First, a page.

The communal decision-making structure that inevitably arose to fill the void left upon the demise of the founder of the revolution prevents precipitous action. Succeeding generations of Communists found it necessary to work collectively since no one individual in the ruling politburo has been able to exert as much authority as could the founder of the Communist dynasty. Anyone who has been on a committee of any sort knows how hard it is to collectively decide to take decisive action. The high stakes involved for the Communist Chinese ruling politburo in committing the PLA to a war it might lose, make taking decisive action even more problematic. The dynamics of collective decision-making and the high stakes have made it impossible for second and third generation Communist dynasties to take the decision to prosecute cross-border war. It is unlikely that China, given the lack of experience of its armed forces and its decision making structure, will be the first to break this trend.

Chinese dynasties, of which Mao’s China is the most recent, acquire the “Mandate of Heaven” to legitimate its rule. Along with the Mandate comes the responsibility to protect the people from natural and man-made threats. When the dynasty fails in this responsibility, the “Mandate of Heaven” will be withdrawn, and the regime will fall. This has been the pattern throughout Chinese history, and given the way in which Mao acquired power and the way he and his successors have ruled, the dynastic cycle will continue to turn.

1 Richard Hooker, “T’ien Ming: The Mandate of Heaven.” (accessed 11 May 2006); available from; Internet.
2 David Graff, Military History of China. (Boulder, CO: Westview Press, 2002), 41.
3 Mao Tse Tung, Selected Works of Mao Tse-tung. (Peking: Foreign Languages Press, 1967), 243.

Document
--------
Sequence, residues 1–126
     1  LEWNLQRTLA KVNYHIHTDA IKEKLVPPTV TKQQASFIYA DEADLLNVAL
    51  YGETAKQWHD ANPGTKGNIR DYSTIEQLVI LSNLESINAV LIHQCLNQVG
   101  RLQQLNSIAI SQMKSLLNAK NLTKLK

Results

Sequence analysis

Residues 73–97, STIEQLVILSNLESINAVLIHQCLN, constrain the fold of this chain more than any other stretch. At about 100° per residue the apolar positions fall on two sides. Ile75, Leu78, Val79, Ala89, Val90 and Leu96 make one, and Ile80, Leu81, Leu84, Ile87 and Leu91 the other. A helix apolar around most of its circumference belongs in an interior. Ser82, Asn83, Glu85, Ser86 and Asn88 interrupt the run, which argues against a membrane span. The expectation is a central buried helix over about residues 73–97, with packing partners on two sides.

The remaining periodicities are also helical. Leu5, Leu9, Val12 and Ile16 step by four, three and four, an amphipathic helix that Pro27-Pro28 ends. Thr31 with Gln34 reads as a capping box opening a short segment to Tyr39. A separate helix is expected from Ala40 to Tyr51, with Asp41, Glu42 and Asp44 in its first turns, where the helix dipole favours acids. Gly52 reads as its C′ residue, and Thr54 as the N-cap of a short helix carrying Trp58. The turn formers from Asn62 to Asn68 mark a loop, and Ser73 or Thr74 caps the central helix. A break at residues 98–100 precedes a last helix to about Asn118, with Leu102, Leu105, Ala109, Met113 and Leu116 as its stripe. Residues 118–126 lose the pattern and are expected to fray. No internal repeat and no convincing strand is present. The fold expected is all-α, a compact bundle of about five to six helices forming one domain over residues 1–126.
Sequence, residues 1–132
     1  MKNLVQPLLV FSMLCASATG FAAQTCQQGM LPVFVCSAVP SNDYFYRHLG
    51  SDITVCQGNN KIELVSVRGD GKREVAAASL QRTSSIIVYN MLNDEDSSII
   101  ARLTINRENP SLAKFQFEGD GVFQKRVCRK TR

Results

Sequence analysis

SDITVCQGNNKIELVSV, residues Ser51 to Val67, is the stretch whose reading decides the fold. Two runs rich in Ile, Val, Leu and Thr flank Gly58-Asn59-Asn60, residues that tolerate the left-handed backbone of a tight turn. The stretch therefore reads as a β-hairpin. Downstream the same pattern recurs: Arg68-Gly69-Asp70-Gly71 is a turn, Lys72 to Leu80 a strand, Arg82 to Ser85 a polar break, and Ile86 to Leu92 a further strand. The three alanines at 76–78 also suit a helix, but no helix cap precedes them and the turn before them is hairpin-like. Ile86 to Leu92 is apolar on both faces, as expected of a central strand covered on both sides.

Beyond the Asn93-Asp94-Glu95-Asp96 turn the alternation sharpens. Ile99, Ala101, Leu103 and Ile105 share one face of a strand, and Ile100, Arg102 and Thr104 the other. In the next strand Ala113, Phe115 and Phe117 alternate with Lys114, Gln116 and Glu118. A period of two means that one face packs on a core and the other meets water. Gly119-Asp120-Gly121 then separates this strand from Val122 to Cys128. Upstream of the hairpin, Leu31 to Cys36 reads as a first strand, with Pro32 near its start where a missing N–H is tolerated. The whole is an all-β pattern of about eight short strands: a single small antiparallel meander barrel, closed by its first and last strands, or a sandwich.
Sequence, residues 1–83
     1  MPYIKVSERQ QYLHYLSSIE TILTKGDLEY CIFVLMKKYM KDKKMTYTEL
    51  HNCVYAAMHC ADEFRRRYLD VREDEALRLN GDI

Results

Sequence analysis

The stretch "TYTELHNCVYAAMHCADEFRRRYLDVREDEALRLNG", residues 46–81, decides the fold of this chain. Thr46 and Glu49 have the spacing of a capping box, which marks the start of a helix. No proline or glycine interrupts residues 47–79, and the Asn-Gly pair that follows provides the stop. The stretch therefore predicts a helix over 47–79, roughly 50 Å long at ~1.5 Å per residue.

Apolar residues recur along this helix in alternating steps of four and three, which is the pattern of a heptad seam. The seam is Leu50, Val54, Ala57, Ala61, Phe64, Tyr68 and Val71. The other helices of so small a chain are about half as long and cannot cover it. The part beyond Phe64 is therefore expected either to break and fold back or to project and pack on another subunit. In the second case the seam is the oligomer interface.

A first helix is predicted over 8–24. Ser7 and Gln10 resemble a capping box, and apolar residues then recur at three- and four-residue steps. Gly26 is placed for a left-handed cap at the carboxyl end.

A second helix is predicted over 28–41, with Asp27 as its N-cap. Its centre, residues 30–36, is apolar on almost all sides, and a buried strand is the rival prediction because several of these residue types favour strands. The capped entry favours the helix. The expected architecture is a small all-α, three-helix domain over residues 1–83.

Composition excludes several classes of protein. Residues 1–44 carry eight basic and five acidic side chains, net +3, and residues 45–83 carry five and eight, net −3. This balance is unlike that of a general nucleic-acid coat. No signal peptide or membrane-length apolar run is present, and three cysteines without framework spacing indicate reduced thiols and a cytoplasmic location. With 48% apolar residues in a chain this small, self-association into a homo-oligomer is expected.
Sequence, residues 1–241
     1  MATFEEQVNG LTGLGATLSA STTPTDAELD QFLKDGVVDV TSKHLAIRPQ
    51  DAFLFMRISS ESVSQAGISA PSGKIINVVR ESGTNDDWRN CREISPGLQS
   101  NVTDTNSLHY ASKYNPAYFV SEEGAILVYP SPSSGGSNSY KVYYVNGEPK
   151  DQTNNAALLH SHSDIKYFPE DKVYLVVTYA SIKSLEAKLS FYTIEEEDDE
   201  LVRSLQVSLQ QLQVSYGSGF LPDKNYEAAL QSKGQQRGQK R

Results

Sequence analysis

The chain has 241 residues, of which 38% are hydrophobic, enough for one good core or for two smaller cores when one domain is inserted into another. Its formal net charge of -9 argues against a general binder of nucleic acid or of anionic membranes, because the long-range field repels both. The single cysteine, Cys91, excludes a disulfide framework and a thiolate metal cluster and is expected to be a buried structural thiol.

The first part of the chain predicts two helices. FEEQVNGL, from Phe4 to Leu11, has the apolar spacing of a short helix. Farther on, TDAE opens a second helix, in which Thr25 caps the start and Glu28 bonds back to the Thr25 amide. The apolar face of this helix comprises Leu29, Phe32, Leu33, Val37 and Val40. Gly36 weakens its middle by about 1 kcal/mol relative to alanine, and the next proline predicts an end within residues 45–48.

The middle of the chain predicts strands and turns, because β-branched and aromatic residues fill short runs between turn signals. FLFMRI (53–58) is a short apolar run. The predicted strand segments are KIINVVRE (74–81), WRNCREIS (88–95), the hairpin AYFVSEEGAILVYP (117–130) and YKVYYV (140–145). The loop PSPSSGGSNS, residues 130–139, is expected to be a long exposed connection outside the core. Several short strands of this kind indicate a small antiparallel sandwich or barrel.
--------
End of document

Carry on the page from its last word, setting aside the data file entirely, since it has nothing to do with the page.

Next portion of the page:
4 Fu Zhengyuan, Autocratic Tradition and Chinese Politics. (Cambridge: Cambridge University Press, 1993), 187.
5 Alan R Kluver, Legitimating the Chinese Economic Reforms: A Rhetoric of Myth and Orthodoxy. Albany: State University of New York Press, 1996), 31.
6 Steven W. Mosher, “Does the PRC Have a Grand Strategy of Hegemony?” [testimony presented to the House Subcommittee on Oversight and Investigations] (Washington: US House of Representatives, 14 Feb 2006, accessed 12 May 2006); available from; Internet.
7 Phillip Short, Mao: A Life. (New York: Henry Holt and Company, 1999), 203.
8 Hans Van De Hen, Warfare in Chinese History. (London: Brill, 2000), 11.
9 Andrew J. Nathan and Perry Link, Tiananmen Papers: The Chinese Leadership’s Decision to Use Force Against Their Own People – In Their Own Words. (New York: Public Affairs Books, 2002), 302.
10 Fu, Autocratic Tradition and Chinese Politics, 217.
11 Ibid.
12 Ibid., 250.
13 Alan K.L. Chan, Perspectives on East Asia Science, Technology, and Medicine. (Singapore: Singapore University Press, 2003), 53.
14 Ibid., 55.
15 Chen Gu, In Search of the New Way. (College Station, TX: Publishing, 2003), 36.
16 Louise Levathes, When China Ruled the Seas. (New York: Oxford University Press, 2002), 74.
17 Alfred L Chan, Mao’s Crusade: Politics and Policy Implementation in China’s Great Leap Forward. (Oxford: Oxford University Press, 2001), 3.
18 G. D. Bakshi, “The Sino-Vietnam War-1979: Case Study in Limited Wars,” Indian Defence Review, Vol 14 (July-September 2000, accessed 13 May 06); available from; Internet.
19 Chen Jian, Mao’s China and the Cold War. (Chapel Hill: University of North Carolina Press, 2001), 190.
20 Alexander Millar, Tactical Nuclear Weapons: Emergent Threats in an Evolving Security Environment. (Dulles, VA: Brassey’s, 2003), 117.
21 Bakshi, “The Sino-Vietnam War-1979: Case Study in Limited Wars,” Internet.
22 Jim Dunnigan, “Illusion of Military Power.” Strategy Page, November 8, 2005; available from; Internet; accessed 14 May 2006.